The Art of Creating a Dry-Laid Stone Wall When you build with stone, you are creating a structure that will be in place for generations to come, which makes the art of stone wall building quite satisfying. This newsletter should provide the basic knowledge to design and build a dry-laid stone wall. Preparing for the project. Once you have decided upon the location, size, and design
of the wall, it is time to remove any organic, compressible material from the base.
When all the grass, loam, roots, etc. have been removed, fill with 1 1/2″ crushed gravel and compact the area completely. If you want to ensure the wall is not affected by frost heaves, I would recommend the base be dug to 12″ then refilled and compacted. This should not be necessary unless you are constructing a very formal, crisp wall. Setting the base. I generally set the first course
about 2″ below grade using stones that have a large surface area. This will prevent settling in the future. If you are building a straight wall, set a string at either end and place each stone about 1/2″ from the string. If your wall is curved, just step back every stone or two and ensure you like the shape.
A curved wall is quite appealing and forgiving to the builder. Fill the center of the wall with 3-6″ erosion stone (rip rap). Many like the ease of filling a wall with pea stone, but you may as well build with marbles! It is just not structural.
Building the wall. Start stacking stones, ensuring that each one is solid before moving to the next stone. Use the adage “one over two” and “two over one” as you build. That is, one stone should be placed at the intersection of the two stones below and two stones should be used to cover one below. A stone wall should be built with a batter, or slope, for aesthetic appeal as well as structural integrity. If you are constructing a formal wall, then each face (exposed end) shall have the same batter. If your desire is a more rustic look, then only the overall shape shall have a batter, not each stone. Finishing the wall. Until you gain the feel and eye for shape and scale, a few tools are essential. A level and tape measure may be used to ensure you have reached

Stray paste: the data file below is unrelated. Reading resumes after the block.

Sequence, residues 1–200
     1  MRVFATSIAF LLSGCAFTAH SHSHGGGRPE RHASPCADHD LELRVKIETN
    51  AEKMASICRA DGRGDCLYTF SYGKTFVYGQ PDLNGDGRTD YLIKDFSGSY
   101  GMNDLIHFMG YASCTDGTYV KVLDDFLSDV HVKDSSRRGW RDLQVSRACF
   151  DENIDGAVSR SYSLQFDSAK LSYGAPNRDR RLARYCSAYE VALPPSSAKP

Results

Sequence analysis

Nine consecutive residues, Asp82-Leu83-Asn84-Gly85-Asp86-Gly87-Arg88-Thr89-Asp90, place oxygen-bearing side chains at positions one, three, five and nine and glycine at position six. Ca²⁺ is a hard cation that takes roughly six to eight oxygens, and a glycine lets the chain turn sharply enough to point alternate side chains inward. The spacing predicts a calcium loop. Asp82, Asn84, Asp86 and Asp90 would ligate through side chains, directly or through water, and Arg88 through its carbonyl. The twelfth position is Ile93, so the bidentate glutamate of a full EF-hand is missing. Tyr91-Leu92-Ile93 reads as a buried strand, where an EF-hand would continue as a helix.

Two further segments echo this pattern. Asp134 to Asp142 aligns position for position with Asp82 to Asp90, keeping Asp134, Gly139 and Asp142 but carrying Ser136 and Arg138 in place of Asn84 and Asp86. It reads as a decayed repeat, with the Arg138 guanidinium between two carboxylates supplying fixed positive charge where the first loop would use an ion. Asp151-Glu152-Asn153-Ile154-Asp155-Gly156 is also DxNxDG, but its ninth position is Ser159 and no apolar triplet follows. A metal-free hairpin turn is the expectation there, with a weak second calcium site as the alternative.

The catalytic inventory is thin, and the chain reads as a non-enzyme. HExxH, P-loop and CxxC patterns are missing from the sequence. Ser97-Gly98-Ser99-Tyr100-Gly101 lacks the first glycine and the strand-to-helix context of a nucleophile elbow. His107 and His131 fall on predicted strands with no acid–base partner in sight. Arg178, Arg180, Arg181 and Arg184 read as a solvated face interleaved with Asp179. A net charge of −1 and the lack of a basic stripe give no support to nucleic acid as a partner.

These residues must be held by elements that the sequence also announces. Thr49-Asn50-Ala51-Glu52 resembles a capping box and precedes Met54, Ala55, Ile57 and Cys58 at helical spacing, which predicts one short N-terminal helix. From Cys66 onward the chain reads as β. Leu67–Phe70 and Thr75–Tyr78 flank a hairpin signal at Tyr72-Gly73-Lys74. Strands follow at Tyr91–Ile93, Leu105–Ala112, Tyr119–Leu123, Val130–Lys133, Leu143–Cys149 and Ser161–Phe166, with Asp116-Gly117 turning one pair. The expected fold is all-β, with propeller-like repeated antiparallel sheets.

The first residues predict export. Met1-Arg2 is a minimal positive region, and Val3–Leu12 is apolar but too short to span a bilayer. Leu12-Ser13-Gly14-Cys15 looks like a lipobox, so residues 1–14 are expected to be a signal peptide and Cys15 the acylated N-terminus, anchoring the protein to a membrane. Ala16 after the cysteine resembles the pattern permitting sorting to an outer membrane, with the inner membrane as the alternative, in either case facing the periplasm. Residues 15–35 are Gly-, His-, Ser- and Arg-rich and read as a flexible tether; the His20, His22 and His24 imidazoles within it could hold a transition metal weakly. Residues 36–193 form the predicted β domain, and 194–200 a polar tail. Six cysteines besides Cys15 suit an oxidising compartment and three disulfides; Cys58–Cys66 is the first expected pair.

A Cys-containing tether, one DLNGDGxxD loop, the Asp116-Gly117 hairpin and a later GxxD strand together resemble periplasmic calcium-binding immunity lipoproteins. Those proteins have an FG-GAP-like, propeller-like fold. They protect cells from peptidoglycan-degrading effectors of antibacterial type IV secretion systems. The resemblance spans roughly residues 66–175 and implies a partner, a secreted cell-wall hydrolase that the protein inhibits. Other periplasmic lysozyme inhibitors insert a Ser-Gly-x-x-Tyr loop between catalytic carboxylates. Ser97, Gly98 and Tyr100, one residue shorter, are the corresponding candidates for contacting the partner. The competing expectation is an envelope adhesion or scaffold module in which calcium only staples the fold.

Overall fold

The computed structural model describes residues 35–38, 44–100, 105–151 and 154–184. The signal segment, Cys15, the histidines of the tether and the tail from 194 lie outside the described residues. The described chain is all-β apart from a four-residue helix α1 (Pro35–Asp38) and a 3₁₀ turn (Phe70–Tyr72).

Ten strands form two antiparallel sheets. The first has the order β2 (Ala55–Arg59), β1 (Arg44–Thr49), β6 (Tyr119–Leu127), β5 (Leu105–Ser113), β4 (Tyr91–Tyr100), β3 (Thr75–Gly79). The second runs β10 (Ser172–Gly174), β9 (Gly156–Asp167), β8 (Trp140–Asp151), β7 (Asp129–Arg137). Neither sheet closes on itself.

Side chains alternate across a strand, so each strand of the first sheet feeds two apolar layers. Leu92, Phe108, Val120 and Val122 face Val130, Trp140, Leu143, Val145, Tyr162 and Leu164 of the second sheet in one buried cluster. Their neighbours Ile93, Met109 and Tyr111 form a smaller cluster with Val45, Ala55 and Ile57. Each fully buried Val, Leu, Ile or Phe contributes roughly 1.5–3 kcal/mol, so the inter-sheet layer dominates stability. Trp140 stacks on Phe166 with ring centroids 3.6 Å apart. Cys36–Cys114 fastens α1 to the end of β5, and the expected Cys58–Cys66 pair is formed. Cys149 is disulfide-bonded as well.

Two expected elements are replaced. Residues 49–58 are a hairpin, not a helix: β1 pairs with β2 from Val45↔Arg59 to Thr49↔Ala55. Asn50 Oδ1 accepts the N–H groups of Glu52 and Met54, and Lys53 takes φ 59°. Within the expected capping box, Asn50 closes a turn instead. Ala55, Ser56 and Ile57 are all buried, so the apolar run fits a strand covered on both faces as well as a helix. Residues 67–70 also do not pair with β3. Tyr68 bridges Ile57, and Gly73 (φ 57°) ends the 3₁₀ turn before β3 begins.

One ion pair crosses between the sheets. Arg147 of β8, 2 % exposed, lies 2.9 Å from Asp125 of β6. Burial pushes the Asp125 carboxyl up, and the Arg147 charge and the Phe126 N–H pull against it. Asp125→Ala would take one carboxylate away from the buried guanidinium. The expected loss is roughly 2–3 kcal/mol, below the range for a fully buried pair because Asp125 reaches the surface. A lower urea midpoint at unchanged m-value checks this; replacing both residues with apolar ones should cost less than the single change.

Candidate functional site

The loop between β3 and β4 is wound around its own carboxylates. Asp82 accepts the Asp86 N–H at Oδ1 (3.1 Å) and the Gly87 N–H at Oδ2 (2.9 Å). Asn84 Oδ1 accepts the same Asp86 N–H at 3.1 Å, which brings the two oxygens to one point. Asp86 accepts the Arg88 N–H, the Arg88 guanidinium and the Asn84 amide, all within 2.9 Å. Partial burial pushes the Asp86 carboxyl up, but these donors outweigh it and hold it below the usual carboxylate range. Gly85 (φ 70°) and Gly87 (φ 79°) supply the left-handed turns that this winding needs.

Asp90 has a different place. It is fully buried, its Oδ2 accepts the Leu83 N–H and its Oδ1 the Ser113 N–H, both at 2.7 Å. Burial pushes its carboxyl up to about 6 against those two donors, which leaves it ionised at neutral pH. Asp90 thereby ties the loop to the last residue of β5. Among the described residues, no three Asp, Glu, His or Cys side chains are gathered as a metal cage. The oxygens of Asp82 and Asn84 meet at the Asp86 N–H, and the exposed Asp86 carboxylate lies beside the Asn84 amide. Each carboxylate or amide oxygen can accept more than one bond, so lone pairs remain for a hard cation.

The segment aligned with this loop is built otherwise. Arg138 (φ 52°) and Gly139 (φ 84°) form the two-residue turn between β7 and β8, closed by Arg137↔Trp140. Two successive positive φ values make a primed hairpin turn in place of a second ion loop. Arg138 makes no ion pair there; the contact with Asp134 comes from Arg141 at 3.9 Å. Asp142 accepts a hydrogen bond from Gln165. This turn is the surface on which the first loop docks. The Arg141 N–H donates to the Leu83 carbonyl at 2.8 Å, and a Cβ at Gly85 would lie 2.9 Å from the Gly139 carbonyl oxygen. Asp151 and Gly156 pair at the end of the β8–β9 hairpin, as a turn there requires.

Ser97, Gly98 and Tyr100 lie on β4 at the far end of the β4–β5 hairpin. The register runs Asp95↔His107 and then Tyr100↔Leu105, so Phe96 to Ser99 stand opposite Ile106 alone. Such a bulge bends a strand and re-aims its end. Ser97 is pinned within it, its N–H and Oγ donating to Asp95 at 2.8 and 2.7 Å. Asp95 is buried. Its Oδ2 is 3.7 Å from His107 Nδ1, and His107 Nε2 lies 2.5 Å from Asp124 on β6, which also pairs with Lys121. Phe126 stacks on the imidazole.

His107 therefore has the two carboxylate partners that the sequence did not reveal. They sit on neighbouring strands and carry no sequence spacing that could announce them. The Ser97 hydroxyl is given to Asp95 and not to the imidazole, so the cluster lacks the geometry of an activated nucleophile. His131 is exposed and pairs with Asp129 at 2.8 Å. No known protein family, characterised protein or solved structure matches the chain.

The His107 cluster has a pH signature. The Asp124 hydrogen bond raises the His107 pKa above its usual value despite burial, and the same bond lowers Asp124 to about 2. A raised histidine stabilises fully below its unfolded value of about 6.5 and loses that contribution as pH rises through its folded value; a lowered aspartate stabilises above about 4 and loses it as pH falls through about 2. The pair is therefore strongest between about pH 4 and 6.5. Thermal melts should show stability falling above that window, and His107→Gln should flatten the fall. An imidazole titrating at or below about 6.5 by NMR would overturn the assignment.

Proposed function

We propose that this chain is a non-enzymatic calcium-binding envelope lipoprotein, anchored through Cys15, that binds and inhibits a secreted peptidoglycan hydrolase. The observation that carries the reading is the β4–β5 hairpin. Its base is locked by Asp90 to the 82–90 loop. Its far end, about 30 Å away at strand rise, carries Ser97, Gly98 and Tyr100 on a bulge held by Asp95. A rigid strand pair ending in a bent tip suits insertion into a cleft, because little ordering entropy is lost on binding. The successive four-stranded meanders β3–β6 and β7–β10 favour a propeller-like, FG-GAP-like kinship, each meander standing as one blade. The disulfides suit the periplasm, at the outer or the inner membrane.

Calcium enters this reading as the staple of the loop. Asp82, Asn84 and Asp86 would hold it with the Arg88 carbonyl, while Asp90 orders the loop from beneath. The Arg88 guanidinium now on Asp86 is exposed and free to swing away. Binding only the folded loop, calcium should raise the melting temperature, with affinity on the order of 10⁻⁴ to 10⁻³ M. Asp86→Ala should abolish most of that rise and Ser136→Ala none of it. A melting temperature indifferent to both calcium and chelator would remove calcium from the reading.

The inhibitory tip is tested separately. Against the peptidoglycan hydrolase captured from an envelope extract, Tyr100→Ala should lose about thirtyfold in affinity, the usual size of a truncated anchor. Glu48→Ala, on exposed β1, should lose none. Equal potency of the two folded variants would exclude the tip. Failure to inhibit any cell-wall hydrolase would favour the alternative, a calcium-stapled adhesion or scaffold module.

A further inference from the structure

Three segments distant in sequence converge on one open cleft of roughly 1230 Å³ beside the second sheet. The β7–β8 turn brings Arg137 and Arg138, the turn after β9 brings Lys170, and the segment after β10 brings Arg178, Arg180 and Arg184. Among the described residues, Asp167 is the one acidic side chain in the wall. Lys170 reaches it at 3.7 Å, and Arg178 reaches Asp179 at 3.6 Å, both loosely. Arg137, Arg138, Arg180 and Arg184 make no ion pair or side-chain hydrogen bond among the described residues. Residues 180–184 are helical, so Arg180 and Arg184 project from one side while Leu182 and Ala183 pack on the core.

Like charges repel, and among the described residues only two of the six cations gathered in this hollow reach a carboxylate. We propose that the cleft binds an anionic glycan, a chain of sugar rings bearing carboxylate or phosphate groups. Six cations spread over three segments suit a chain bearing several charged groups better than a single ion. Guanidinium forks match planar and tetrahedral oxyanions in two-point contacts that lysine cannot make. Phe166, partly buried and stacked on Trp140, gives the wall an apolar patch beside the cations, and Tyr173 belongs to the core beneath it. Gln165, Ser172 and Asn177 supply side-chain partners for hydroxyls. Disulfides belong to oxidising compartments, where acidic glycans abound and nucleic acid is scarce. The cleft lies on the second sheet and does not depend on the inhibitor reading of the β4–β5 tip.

adequate height at your desired level. You may also use strings, similar to setting the base, that will guide your finished product. The level and tape measure may also be
used to determine batter. I typically use 1 1/2 – 2″ slope per foot of height. The best advise I can give is to continually step back. Don’t fret over a single stone, but ensure the overall look is to your liking. If you have further questions or comments,
please feel free to email me at [email protected]